Making of Adora
It was Wednesday, December 28th, 2011 when I received an email from Hanan Levin. In essence, it said this:
Two years ago (at the age of 56) I had my first child. Recently I started commissioning artists from all over the world to create unique work based on photographs of my baby daughter. […] If you are available, you have free reins to create anything that tickles your fancy in any style, your choice of character & atmosphere.
Touched by the idea, I perused the photo library Hanan had provided a link to. One image of Adora struck me powerfully and I agreed to contribute to the project. Three years later I had lived in the Swiss mountains, in Austin, San Francisco, New York, France and Finland. And always there was this painting of Adora, that I had started, and would revisit every now and then. I have laid out a journey through the process below, most of which happened at Atelier Narasca in Switzerland, with the guidance of my dear friend and painter/sculptor Patrick Devonas. The handsome curly-haired gentleman in the photos below, that’s Patrick. He has a heart of gold, if you have a chance to meet him, do.
Step 1: Preparing the Painting Surface
Mounting the Canvas
Patrick and I worked together on this, first measuring and cutting a round piece of Dibond that was then scratched up to give the glue something to grab on to. Next, we heated a small pot of rabbit skin glue and applied it to the canvas and panel. As the glue started cooling and setting, we kept squeezing it out of the canvas, removing air bubbles and excess glue, creating a very durable ground. (By-product: exquisite special effects snot… 🙂 )
Once the glue has dried, the next step is sanding it, removing knots in the canvas and creating a very fine surface.
We used time-honored Lead White for the ground, pressing it into the tiny valleys of the canvas and scraping off any extra paint to keep the layers as thin as possible. We did three layers of applying paint, wet-sanding between layers. This smooth white base coat was then left to dry properly for 1-2 months.
A layer of transparent oxide brown + sap green was stippled on, creating a warm “campitura” or field color as a base for the painting. At this point I didn’t know much about the composition other than that I wanted it to be round and have Adora’s head in the center.
Step 2: Beginning to Paint
Initial Layout & Grisaille Underpainting
After a bit of back and forth about the size of Adora’s head, I decided on life size and jumped into the underpainting. I realized that the panel was too big and that there was going to be a lot of empty space around the girl. A compositional challenge that would have to be resolved one way or another… There was still a lot of searching in the underpainting and I made an effort to allow myself to be taken in unexpected directions.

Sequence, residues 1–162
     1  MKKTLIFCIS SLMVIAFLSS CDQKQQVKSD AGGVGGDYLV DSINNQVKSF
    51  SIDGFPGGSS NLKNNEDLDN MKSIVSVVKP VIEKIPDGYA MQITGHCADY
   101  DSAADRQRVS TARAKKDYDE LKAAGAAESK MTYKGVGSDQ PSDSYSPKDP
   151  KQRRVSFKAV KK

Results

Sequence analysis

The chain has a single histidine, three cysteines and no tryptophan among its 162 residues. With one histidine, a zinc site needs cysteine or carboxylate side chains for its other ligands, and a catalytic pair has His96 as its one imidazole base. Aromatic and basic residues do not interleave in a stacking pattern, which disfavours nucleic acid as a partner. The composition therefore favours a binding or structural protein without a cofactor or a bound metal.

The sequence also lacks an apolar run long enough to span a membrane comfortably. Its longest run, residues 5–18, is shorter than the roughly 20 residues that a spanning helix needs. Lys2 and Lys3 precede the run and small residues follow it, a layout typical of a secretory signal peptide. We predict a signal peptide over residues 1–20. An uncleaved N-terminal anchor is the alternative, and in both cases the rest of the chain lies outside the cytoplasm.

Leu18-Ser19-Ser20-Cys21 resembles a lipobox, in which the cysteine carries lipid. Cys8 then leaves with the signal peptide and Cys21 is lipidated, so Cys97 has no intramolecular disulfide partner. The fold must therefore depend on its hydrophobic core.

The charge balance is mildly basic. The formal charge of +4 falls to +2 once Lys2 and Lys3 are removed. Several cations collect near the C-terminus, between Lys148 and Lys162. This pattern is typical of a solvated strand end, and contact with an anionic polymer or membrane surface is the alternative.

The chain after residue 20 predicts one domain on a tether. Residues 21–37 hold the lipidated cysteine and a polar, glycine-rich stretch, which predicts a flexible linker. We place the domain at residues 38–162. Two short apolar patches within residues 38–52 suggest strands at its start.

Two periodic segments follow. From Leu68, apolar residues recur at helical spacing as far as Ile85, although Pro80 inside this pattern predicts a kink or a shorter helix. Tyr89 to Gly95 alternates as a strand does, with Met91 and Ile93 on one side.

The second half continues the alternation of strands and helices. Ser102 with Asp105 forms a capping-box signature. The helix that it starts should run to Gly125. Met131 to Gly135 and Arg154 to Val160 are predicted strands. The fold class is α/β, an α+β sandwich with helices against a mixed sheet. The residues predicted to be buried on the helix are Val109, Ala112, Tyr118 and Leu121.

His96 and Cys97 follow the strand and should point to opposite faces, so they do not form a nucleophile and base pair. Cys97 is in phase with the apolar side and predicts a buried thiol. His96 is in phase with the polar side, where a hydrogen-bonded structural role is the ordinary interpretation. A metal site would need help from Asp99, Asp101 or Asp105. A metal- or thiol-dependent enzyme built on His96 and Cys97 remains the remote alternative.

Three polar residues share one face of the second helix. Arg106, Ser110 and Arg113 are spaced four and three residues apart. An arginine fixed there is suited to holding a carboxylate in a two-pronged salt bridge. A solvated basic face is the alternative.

This was a scary moment. Patrick walked me through his process: the entire underpainting had to be covered with another wash of transparent brown oxide + sap green and then carefully stippled to create an even texture. After the final pass with a fan brush, the surface was breathtakingly beautiful! What a joy to paint on top of this preparation..!
Here comes the first layer of color. The computer screen does not have the vivacity of the life model, but it is superior to a printout. I had been going in circles for days, grappling with the many unresolved issues in the composition before I finally decided to just start painting Adora’s face. Stop thinking and start doing. The doing can create little clues from which a direction for the entire image can emerge.
Alas! Some ideas for salvaging the lacking composition. A branch design, starting as a flat graphic shape and turning into a more realistic volume as a play on becoming.
Interlude: Narasca Life
A few shots from working at Atelier Narasca. What a special place.
Step 3: Final Touches
After a few more months and many experiments, I decided on the eight + sixteen petal lotus pattern. A design, found in so many of theBuddhist and Hindu Yantras and completing the frame around Adora. Gold leafing is finicky business but very rewarding.
In the fall of 2014, the 10th anniversary of the small local art festival “KUNSTpause” provided the necessary pressure to finish the piece. So here it is, with all its charms and flaws.
I’ve learned a lot from this painting. It has given me new confidence in my ability to paint the human face, in creating an original composition and in trusting the process. I hope the back story lets you smile and I hope the image brings you joy.
Visit adoralevin.com to see some of the 900+ artworks made for the project!